Winding Down After When Words Collide 2016

I left the Delta South Hotel approximately 24 hours ago, my exit heralding the end of When Words Collide 2016 for me. Overall, it was a great festival. I was really impressed by the panels I attended and I learned a lot –there’s so much knowledge I can’t wait to start implementing in my writing and on my respective blogs.

In reference to my last post about WWC, concerning all the prep work I had envisioned, certain aspects of my attendance were a failure. To be brutally honest, I set myself up for failure from the get-go.

I’m talking about networking here. Deciding that I could do a complete 360˚ personality turn and dive head first into networking with less than 4 weeks to prepare is up there on the list of Dumbest Ideas Ever. Worst though, is the fact that I didn’t actually end up making time to prepare in that small space of time, so I turned myself into a sleep deprived head case for the festival.

I psyched myself out, got barely any sleep in the weeks (and especially the couple of days) leading up to WWC, and couldn’t do anything that I wanted to do. Have you any idea how hard it is to be outgoing, friendly, and cognisant on no sleep? Usually I’m ok with very little sleep, but I was EXHAUSTED when I arrived at the conference on Friday. I was barely functional, and it just got worse from the moment of my arrival on.

I designed new business cards…whoopty doo, when I couldn’t even strike up the energy to place myself in situations where the exchange of said cards would be appropriate.

I went in with the semblance of a game plan…whoopty doo when I went and hovered by Kate’s merchant spot any time I didn’t have a panel.

I went in with the mental mantra that I was going to talk to lots of people…whoopty doo when I was so tired I kept avoiding eye contact because I was petrified of trying to maintain my end of a conversation thread.

Yes, I’m being hard on myself, but I’m so unimpressed right now. At least I can identify where I went wrong.

The weekend was not a total bust. I did manage to meet a couple of new people, and I had lunch with a group on Saturday, and I managed not to make a colossal ass of myself though there were a couple of moments where I really put my foot in my mouth hard. Such is my state of existence though on a regular day.

Sunday was by far my best day of attendance because I had really given up on networking by that point so I was much more relaxed –funny that that’s the day I had more conversations with people. I crack myself up sometimes.

There is a light side to this dark mess I created. I now have business cards I’m not reticent to hand out. I now know that I need to start working on networking right now so that I’m ready come next year (my whole day job point in my last post ignored the fact that at my job people come to me and strike up conversation, not the other way around). I now have a couple of ins I need to figure out how to utilize come next year. And I need to remember to bloody relax.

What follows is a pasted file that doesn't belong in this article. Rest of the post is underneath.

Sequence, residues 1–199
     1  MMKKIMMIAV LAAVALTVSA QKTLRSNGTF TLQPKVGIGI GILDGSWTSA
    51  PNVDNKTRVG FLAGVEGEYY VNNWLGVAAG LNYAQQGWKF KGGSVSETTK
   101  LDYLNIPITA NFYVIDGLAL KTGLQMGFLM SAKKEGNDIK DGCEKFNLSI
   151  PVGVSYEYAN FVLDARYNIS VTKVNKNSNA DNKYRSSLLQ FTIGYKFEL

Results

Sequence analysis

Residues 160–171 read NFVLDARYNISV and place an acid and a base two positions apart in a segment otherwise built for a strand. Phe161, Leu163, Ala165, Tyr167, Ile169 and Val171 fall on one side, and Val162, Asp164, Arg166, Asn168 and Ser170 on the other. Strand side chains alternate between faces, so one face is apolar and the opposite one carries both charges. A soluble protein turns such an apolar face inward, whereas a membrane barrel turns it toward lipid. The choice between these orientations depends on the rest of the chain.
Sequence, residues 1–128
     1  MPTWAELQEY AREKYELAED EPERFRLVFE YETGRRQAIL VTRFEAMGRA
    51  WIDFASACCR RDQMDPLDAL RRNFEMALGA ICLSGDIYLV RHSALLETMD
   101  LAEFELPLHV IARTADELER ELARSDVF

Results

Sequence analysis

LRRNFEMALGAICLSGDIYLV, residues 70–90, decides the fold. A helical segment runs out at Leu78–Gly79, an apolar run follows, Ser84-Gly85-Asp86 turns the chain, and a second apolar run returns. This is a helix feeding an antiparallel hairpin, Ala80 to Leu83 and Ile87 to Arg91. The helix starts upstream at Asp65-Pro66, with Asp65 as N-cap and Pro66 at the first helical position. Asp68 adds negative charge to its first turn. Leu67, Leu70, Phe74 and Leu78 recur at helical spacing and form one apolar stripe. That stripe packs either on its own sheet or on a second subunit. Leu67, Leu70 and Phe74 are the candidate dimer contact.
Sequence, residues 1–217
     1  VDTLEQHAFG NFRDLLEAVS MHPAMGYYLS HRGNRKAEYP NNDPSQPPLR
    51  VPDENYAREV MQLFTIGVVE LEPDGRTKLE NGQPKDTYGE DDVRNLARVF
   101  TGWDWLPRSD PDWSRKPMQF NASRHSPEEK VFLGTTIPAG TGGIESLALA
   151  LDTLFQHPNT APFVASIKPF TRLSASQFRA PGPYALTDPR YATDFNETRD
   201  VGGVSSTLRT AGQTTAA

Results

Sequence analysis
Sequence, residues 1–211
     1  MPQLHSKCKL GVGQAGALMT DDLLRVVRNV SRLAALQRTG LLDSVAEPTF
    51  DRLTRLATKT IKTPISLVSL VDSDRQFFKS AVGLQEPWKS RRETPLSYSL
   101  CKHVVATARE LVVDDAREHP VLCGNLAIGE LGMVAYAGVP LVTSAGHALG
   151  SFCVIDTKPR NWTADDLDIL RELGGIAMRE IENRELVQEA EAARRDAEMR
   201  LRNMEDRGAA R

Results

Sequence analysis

The front of my new cards.

The front of my new cards.

And the back.

And the back.

 

 

 

 

 

 

You win some, you lose some. I’m glad I’ve walked away from this year’s festival with the knowledge of what does not work for me, and a new plan for aspects of my business that will help me with networking next year. It’s all a matter of starting small and letting that snowball build up on itself without me desperately trying to push it up a hill.

If you attended this year how did your plans go and what did you think of WWC? I also have a post on Anxiety Ink with a few more specifics of my own attendance than I mentioned here.

Prepping for When Words Collide 2016

As I’m sure you know, every year I attend the local (to Calgary) readercon When Words Collide. This will be my fourth year attending and I’m hoping to shake up my experience this time around; with August fast approaching I decided discussing my aspirations here will transform into a plan and help me to get my butt in gear.

In 2013 and 2015 I attended the offered pre-festival workshops featuring Patricia Briggs and Faith Hunter. Those were writing-life altering experiences. This year the master classes didn’t call to me, so I’m simply attending the festival, though that itself is rife with more information than any writer brain can process quickly.

All the writerly wisdom gathering aside, my focus this year is networking. I am a terrible networker. Atrocious really. My social anxiety, coupled with my doing-my-darnedest-to-be-punctual-but-rarely-am stress, and my myriad issues with strangers means that when I’m not inside a presentation or with someone I know, my brain is in defensive mode. Defensive mode is not the best head-space for trying to chat people up.

I was largely on my own last year because Kate, who is my WWC compatriot, had multiple presentations to prep for and attend and a merchant table she helped out with, among other things. I was pretty exhausted, but I did damn alright on my own –I even had lunch with someone I met outside the little café I was eyeballing.

I’m betting this year will be largely the same since Kate has her own merchant spot to handle on top of everything else she likes to tackle. I don’t mind the alone time at all, but I want to do more than mentally bolster myself during that time.

So, with a little under four weeks to prepare (as of the day of me writing this post, 10 days from it going live), I am going to do my best to learn how to network in such a setting!

I feel better armoured since I know in advance that I’m going to be largely on my own, and my day job in customer service has made me a pro at small talk, plus never underestimate the bolstering power of a professional persona. E.V. O’Day is much better in such a setting over the long haul than Elisa is any day.

Wish me luck! And I will absolutely be passing along my results and knowledge!

Oh, and I hope to see you at WWC!